Editor’s note: The following article is an op-ed, and the views expressed are the author’s own. Read more opinions on theGrio.
For the past several years—really, I’m not entirely sure how many, but it could easily be a decade—I’ve been in a musical pickle of sorts. I’ve been on a melodious scavenger hunt to find a song I heard many moons ago. Shazam, the song finder app that presumably all who enjoy music utilize, was unavailable to me at the time I heard the song because, well, I left my phone at home that day. I was among the throngs, easily in the trillions of people, who have heard a song they can’t get out of their heads, except they don’t know the title nor any of the words—just a man stuck with a melody and a broken musical heart.
You see, yesterday, I found the song I’d been looking for. After years of Google and YouTube searches, even combing through radio playlists—true story—I happened upon the song in the car when my Apple Music randomly started playing a song by a group that sounded vaguely familiar with a voice that reminded me of the voice I vaguely remembered from the song. Victory was mine. But let me tell you a story about this song.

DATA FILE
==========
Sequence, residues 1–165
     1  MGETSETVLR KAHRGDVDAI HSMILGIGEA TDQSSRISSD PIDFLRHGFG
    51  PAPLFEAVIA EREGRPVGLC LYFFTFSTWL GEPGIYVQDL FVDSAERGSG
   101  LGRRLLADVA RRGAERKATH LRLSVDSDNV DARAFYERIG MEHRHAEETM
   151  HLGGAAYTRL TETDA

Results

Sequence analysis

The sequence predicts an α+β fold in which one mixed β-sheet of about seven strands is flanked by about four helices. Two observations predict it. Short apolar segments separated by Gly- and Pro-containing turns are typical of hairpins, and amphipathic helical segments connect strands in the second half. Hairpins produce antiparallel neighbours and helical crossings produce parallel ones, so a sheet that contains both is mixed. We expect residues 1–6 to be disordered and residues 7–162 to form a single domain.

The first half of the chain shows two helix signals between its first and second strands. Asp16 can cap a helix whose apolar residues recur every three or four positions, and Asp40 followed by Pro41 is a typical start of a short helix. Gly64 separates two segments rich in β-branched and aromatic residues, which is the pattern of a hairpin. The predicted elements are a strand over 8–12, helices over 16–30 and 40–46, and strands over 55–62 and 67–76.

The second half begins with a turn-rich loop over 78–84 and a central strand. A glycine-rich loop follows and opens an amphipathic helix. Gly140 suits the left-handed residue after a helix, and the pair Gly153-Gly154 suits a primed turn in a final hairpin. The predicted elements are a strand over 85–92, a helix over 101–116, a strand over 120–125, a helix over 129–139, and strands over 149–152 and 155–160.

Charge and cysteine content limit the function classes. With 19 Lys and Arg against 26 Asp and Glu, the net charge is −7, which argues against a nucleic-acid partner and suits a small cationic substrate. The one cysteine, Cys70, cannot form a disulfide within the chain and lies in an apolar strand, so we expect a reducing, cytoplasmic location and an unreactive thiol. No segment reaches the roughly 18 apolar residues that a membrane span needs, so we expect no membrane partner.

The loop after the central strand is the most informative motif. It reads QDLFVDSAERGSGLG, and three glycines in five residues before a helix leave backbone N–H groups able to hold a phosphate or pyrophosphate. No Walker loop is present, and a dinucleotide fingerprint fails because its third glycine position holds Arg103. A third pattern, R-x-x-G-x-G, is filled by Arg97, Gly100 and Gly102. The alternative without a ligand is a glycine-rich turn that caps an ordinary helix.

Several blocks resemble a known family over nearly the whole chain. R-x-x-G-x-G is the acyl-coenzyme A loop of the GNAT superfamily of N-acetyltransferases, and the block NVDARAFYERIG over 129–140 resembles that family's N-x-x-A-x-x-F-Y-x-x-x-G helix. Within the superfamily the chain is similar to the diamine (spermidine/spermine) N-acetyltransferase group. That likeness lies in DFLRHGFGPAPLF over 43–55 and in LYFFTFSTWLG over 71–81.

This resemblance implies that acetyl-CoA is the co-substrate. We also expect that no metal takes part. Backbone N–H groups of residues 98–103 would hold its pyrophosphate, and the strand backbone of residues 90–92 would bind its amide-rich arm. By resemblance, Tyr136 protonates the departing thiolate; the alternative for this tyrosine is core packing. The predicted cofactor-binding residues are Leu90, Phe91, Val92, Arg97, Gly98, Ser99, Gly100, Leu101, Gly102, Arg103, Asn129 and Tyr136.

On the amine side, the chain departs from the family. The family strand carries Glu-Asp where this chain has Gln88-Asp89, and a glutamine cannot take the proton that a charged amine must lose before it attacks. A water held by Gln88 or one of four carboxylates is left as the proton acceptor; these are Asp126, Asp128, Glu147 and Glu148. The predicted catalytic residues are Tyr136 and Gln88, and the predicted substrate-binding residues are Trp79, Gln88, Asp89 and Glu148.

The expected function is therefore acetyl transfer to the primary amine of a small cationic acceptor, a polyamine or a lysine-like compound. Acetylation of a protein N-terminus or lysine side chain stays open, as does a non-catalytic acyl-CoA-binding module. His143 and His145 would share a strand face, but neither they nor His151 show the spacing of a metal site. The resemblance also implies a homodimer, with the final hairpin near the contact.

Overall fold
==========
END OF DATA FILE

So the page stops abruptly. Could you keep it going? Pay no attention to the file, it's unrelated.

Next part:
Years and years ago, I constantly used to listen to Howard University’s WHUR during the Quiet Storm. This served two purposes: 1) the music was always amazing, and 2) I’d hear songs that I might want to try to sample for music production purposes. For instance, I can still VIVIDLY remember the time I heard Phyllis Hyman’s “The Answer Is You” during the radio program. I almost lost my mind driving over the 14th Street Bridge. Thankfully, I knew her voice, but I’d never heard the song before despite owning a few “best of” CDs of Phyllis. But more importantly, I had my phone and my Shazam app at the ready. I’ve discovered hundreds of songs in this manner. And I used that song to make a beat for one of the homies.